Brooke's Journey Back travel blog

leaving Lecce, olive groves in the misty morning

leaving Lecce

countryside on the road to Alberobello, these are the dunes of the...

Alberobello

Alberobello

Alberobello

Alberobello, church

church in Alberobello

Alberobello

hotel room in Matera

view from my door, hotel in Matera

bathroom in hotel

shells in the walls of the bathroom, was it carved out of...

view of old town from hotel

cool pool at hotel in Matera

Matera

Blacky outside the hotel in someones driveway

Matera

Matera

Matera

Matera

Matera

Matera

Matera

Matera

drive from Matera through Calabria

Menu in Matera

Ladies Room sign. Men's looked the same, only shorter hair...

full moon over Matera, view from my door

drive from Matera through Calabria

drive from Matera through Calabria

drive from Matera through Calabria

drive from Matera through Calabria

drive from Matera through Calabria

monkfish, American style...Lecce

some fish, Italian style....which do you think I liked better?

on the ferry, looking back at mainland...

looking foward to Sicily

Blacky on the ferry, livin large!!

Sicily

beach in creepy town Sicily....


Across to the Toe-From Puglia to Sicily

On my last day in Lecce, I walked around the old part of town, which was so much prettier than the burbs where I was staying. The main piazza had the ruins of an ancient Roman amphitheatre fenced off in the center, but I didn’t stray too far off the main area. That night, I met the friend of a friend, Paolo, for drinks on the piazza. He had grown up here and had an apartment that he came to when the chill and damp of Brussels became too much. We had such a great time talking and watching the world go by, that we decided to extend our drinks into dinner at a little restaurant Paolo likes, just off the main square. We each got a different type of bruschetta, his with anchovies, mine with salami and cheese, both so tasty, but mine was better!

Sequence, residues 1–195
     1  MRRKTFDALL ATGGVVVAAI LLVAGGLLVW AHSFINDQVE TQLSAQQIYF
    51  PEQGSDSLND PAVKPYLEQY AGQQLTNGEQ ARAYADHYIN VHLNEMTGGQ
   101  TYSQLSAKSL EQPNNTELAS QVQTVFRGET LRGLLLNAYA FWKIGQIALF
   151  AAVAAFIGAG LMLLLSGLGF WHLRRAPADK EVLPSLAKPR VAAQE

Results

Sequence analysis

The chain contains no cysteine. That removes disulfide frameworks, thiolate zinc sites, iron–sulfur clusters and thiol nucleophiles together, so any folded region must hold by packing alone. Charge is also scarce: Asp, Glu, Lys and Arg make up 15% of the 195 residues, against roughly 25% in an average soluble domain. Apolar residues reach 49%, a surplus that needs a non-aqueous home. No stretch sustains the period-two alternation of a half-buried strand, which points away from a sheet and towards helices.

After dinner, he took me to several spots just off the piazza, places that I had missed earlier in the day, which were beautifully lit at night, no crowds, the stone buildings glowing reddish gold. It was wonderful. We had both walked to into town, so we walked together back towards our respective homes. It was nearly 10pm now, and when it was time to part ways on the edge of the old town, Paolo was worried about me walking home alone in the dark.

“It’s OK Paolo, I have the GPS in my phone, it showed me how to get here, it can show me how to get back.”

So we triple cheek kissed goodnight and promised to keep in touch. I started back home, but about ten minutes into my walk, things started looking unfamiliar in the dark. I looked at my phone and realized that the GPS wasn’t working, it was only telling me where I was, but none of the street names were coming up on the map, so I couldn’t program in the street my house was on, and nothing I was seeing looked exactly right. I tried to go in the general direction of home, and as I kept walking, I knew I was getting closer but all the streets and buildings looked the same. After 30 minutes, I was really beginning to panic a little. There weren’t many people on the streets, but the only ones that were out were men. Nobody was messing with me, but I was not comfortable at all. Finally, I called Marco.

“Marco, I’m so sorry, I know it’s late but I am completely lost, I have no idea where I am.”

I told him the intersection of the streets, which was tricky given that Europeans seem to hate labeling them. He tried to explain how to get back, then said, “Stay there, I will drive to you,” and hung up.

Standing on a busy street corner was actually scarier than walking, especially because I was looking at every car to see if it was Marco. I kept thinking someone was eventually going to pull over and start negotiating prices for my services. Seven anxious minutes later, he and his girlfriend pulled up. It took two minutes to drive back to the house, I was that close, but I could have wandered all night and still not have found it. I was so grateful to Marco for coming to rescue me.

I left the next morning, telling Marco that I was leaving early and not to worry about breakfast. It seemed pointless really, I could have a cracker and be just as satisfied. I was going first to Alberobello, a village filled with homes called “trullo,” round, white buildings with grey stone conical roofs. It’s protected as a World Heritage site, the buildings are unique to the area and just beautiful. It was very touristy, and I don’t think anyone lived in the homes anymore, they had all been turned into souvenir shops or cafes. The drive to the town was peaceful and beautiful, the town was worth seeing but I was glad I hadn’t planned to stay here, not a lot going on other than the houses.